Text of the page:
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Mol Carcinog. 2017 Feb;56(2):641-650. doi: 10.1002/mc.22522. Epub 2016 Jul 19.

CD24 is a genetic modifier for risk and progression of prostate cancer.

Author information

1
Departmentof Thoracic Surgery, The Second Hospital of Jilin University, Changchun, P.R. China.
2
Department of Genetics, University of Alabama at Birmingham, Birmingham, Alabama.
3
Jilin Provincial Key Laboratory on Molecular and Chemical Genetic, Second Hospital of Jilin University, Changchun, P.R. China.
4
Department of Internal Medicine, Section of Medical Oncology, University of Alabama at Birmingham, Birmingham, Alabama.
5
Comprehensive Cancer Center, University of Alabama at Birmingham, Birmingham, Alabama.
6
Department of Pathology, The Second Hospital of Jilin University, Changchun, P.R. China.
7
Department of Health and Social Science, Guangdong Medical College, Dongguan, P.R. China.
8
Anshan Normal University Affiliated Health School, Anshan, P.R. China.

Abstract

CD24 plays an oncogenic role in the onset and progression of various human cancers, including prostate cancer. In the present study, we identified two linkage disequilibrium blocks with four recombination hotspot motifs in human CD24 locus. To elucidate whether genetic variants of CD24 are associated with susceptibility to prostate cancer and its disease status, we conducted a case-control association study with two P170 C/T and P-534 A/C polymorphisms of CD24 in 590 patients with prostate cancer and 590 healthy controls. A significant increased risk of prostate cancer was found in men with the P170T/T genotype over the P170C/C genotype (odd ratio = 1.74, 95% confidence interval = 1.16-2.63, P = 0.008), and in men with the P-534C/C genotype over the P-534A/A genotype (odd ratio = 1.47, 95% CI = 1.18-2.26, P = 0.003). Cochran-Armitage trend analysis showed that the P170T allele was significantly correlated with an increased risk of prostate cancer progression (P = 0.029, trend between genotypes and stages) and this observation was also validated in an independent sample cohort. Next, we found that tumors with P170T or P-534C alleles had more twofold increased protein expressions of CD24 as compared to those with P170C or P-534A alleles, respectively. Likewise, tumors with a combination of P170T/T and P-534C/C genotypes were associated with a high mRNA level of CD24. Our data suggest a significant association of CD24 genetic variants with prostate cancer onset and progression, which provides new insight into molecular genetics of prostate cancer; however, these findings need to be validated in multiple independent cohorts.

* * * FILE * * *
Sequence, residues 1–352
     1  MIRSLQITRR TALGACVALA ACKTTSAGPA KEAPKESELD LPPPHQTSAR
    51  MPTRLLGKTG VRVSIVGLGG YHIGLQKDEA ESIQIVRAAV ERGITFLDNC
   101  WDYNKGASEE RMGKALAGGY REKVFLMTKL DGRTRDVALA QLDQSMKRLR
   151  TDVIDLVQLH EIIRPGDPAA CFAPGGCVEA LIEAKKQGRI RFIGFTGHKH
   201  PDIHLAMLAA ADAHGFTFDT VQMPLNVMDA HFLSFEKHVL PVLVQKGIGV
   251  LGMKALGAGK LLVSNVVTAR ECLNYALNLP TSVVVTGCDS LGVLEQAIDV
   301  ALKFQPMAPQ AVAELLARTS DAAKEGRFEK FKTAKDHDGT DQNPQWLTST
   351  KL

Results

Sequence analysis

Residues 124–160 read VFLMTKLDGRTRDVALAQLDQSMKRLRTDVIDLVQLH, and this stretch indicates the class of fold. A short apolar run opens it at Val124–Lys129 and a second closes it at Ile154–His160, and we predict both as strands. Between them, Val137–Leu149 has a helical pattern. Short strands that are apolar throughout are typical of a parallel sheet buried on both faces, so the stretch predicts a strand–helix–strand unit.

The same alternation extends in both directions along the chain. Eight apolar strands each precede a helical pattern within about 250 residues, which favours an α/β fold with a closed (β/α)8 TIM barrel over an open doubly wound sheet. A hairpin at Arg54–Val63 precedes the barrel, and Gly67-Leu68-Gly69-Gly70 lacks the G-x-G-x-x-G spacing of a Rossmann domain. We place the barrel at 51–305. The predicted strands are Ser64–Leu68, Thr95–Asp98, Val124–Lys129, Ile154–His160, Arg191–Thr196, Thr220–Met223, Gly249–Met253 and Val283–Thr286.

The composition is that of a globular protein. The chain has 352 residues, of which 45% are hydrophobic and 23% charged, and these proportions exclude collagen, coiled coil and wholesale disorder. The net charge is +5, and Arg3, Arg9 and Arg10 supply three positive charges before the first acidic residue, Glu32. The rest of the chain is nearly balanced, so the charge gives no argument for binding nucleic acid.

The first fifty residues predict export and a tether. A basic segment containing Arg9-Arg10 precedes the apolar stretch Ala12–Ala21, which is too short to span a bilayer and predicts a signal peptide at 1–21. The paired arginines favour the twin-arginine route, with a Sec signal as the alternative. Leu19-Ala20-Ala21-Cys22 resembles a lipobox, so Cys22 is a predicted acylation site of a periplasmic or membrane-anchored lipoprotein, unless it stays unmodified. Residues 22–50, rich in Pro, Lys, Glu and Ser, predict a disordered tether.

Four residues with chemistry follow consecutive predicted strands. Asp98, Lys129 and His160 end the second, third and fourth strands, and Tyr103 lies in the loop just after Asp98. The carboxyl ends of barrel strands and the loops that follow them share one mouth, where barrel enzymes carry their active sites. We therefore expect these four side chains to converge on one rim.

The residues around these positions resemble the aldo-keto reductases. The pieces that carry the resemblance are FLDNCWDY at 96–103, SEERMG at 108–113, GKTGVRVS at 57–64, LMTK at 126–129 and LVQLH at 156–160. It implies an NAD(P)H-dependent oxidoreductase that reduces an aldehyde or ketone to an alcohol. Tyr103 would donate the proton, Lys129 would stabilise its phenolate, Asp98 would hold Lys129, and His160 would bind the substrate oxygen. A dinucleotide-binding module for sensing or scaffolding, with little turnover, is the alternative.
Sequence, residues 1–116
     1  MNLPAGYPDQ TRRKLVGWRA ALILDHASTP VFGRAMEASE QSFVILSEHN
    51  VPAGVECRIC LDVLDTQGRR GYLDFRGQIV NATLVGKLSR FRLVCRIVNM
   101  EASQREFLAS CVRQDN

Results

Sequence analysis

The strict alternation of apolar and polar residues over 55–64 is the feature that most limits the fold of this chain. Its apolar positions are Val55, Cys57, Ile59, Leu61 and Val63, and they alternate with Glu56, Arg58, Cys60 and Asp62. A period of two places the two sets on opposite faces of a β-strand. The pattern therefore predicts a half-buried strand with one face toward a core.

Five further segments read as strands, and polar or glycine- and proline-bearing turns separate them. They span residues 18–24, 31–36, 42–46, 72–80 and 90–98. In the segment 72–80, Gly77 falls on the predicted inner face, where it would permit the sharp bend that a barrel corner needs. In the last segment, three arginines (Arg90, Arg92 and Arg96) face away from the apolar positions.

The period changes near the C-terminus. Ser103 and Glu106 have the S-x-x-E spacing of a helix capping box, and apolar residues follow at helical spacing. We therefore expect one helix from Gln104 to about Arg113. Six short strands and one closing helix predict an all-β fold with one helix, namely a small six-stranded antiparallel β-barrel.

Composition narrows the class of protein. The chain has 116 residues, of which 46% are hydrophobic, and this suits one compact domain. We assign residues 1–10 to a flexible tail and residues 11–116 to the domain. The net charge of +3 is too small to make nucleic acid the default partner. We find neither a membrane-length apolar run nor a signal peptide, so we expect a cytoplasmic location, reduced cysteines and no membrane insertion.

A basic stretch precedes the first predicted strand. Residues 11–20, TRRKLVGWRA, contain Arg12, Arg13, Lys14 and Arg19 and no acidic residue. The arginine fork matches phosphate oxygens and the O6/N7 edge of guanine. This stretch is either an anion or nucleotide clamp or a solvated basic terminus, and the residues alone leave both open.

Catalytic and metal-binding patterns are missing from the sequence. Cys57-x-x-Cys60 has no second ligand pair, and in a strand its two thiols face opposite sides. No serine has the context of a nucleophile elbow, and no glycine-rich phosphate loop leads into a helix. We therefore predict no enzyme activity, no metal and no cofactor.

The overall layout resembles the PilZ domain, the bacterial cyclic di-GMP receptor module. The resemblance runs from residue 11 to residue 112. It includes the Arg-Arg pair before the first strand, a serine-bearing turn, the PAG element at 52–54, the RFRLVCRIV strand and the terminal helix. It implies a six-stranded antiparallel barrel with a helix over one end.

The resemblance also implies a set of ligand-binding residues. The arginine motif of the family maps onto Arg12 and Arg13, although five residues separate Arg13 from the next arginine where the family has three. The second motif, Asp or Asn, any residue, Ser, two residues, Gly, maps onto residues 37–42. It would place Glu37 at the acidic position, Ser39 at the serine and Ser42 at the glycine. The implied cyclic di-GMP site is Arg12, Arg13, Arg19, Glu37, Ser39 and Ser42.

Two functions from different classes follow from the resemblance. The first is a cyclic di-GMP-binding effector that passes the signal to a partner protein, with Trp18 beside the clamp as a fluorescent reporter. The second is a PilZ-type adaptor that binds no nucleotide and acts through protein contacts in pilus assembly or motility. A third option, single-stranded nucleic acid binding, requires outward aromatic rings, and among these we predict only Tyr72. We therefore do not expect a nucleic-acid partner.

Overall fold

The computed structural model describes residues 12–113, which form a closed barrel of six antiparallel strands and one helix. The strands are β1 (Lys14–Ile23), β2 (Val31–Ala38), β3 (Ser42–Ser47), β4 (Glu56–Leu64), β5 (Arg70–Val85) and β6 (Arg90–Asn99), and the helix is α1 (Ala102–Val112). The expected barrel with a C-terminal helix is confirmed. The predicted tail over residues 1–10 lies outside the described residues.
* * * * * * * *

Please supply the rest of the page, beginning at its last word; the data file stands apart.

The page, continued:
KEYWORDS:

CD24; polymorphism; prostate cancer; tumor progression

PMID:
27377469
PMCID:
PMC5205546
DOI:
10.1002/mc.22522
[Indexed for MEDLINE]
Free PMC Article

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